“If this is se­ri­ous, the Chi­nese will re­tal­i­ate. The key ques­tion is, does the U.S. re­tal­i­ate against that re­tal­i­a­tion,” said Derek Scis­sors, a China trade ex­pert at the Amer­i­can En­ter­prise In­sti­tute, a probusi­ness think tank.

That would spook stock mar­kets, but Scis­sors said that the more se­ri­ous the con­flict be­came, the worse China’s po­si­tion would be­come, due to the im­por­tance of its U.S. trade sur­plus.

“Their in­cen­tive to ne­go­ti­ate is to head us off from a ma­jor trade con­flict.”


The news web­site Politico ear­lier re­ported that the U.S. Trade Rep­re­sen­ta­tive’s of­fice had pre­sented Trump with a pack­age of $30 bil­lion in tar­iffs last week, but Trump told aides that this was not high enough.

One Wash­ing­ton busi­ness source who had dis­cussed the is­sue with the White House said the fig­ure had now grown to about $60 bil­lion, with a po­ten­tially wider ar­ray of prod­ucts un­der con­sid­er­a­tion.

A sec­ond per­son, who is an in­dus­try lob­by­ist in Wash­ing­ton fa­mil­iar with the ad­min­is­tra­tion’s think­ing, said the process was be­ing led by Peter Navarro, an avowed pro­tec­tion­ist, and by U.S. Trade Rep­re­sen­ta­tive Robert Lighthizer, who also fa­vors tar­iffs as a tool to re­bal­ance trade.

Speak­ing to re­porters in the Capi­tol, U.S. House Ways and Means Com­mit­tee Chair­man Kevin Brady stressed that Trump was se­ri­ous about ad­dress­ing the is­sue of in­tel­lec­tual prop­erty theft with China.

“He’s se­ri­ous about call­ing their hand on this, and my un­der­stand­ing is they are look­ing at a broad ar­ray of op­tions to do that,” Brady said.

U.S. busi­ness groups, while uneasy about trig­ger­ing Chi­nese re­tal­i­a­tion, have in­creas­ingly pressed Wash­ing­ton to take ac­tion on Bei­jing’s in­dus­trial poli­cies, such as mar­ket ac­cess re­stric­tions and the “Made in China 2025” plan, which aims to sup­plant for­eign tech­nolo­gies with do­mes­tic ones.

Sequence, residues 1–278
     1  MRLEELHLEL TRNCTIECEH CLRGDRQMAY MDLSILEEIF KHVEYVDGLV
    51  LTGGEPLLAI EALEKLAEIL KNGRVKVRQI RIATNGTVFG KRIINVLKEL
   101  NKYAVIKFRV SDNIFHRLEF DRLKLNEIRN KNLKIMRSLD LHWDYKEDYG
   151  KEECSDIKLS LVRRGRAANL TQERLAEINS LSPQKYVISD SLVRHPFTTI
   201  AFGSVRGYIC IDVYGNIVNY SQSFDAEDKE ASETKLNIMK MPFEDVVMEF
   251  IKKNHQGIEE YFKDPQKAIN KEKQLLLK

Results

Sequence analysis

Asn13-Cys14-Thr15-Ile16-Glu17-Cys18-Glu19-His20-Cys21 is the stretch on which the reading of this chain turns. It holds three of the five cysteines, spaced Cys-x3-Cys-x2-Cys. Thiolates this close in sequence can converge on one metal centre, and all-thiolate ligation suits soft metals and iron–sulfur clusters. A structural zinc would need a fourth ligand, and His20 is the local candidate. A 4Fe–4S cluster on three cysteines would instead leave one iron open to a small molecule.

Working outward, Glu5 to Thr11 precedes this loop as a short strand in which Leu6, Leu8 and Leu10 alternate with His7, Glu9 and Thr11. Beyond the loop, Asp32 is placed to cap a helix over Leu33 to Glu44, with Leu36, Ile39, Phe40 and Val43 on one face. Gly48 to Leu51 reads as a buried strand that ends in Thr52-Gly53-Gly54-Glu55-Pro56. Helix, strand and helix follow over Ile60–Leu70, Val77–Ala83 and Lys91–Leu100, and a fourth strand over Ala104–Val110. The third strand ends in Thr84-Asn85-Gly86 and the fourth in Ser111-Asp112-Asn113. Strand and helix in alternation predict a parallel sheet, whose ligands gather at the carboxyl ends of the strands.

Shortly af­ter Trump took of­fice, the In­for­ma­tion Tech­nol­ogy & In­no­va­tion Foun­da­tion (ITIF), a U.S. tech­nol­ogy think tank whose board in­cludes rep­re­sen­ta­tives from top com­pa­nies such as Ap­ple, Ama­zon, Cisco, Google , and In­tel, called for co­or­di­nated in­ter­na­tional pres­sure on Bei­jing.

While com­plaints about China’s abuse of in­tel­lec­tual prop­erty rights are not con­fined to the United States, Trump’s global steel and alu­minum tar­iffs an­nounced last week un­der sec­tion 232 of the Trade Ex­pan­sion Act of 1962 com­pli­cate U.S. ef­forts to re­cruit al­lies to put pres­sure on China.

A se­nior Euro­pean diplo­mat in Bei­jing said China would be re­lieved to see Europe and Wash­ing­ton at odds over the met­als tar­iffs.

“China’s big­gest worry has al­ways been joint push-back from its ma­jor West­ern trad­ing part­ners,” the diplo­mat said.

A China-based busi­ness source with knowl­edge of dis­cus­sion among se­nior Euro­pean of­fi­cials said there had been a “clear ef­fort” by the U.S. gov­ern­ment over the past six months to in­tro­duce a co­or­di­nated ap­proach to Chi­nese in­dus­trial pol­icy, but that Trump’s met­als tar­iffs had un­der­mined Euro­pean sup­port.

“Se­nior Trump ad­min­is­tra­tion of­fi­cials had di­rectly ap­proached Euro­pean lead­ers at a se­nior level. There had been a will­ing­ness to do some­thing to­gether on China. That’s im­pos­si­ble right now. You can’t co­op­er­ate when you’re get­ting whacked around,” the per­son told Reuters.

Con­tain­ers at the Yang­shan Deep Wa­ter Port, part of the Shang­hai Free Trade Zone, Shang­hai, China.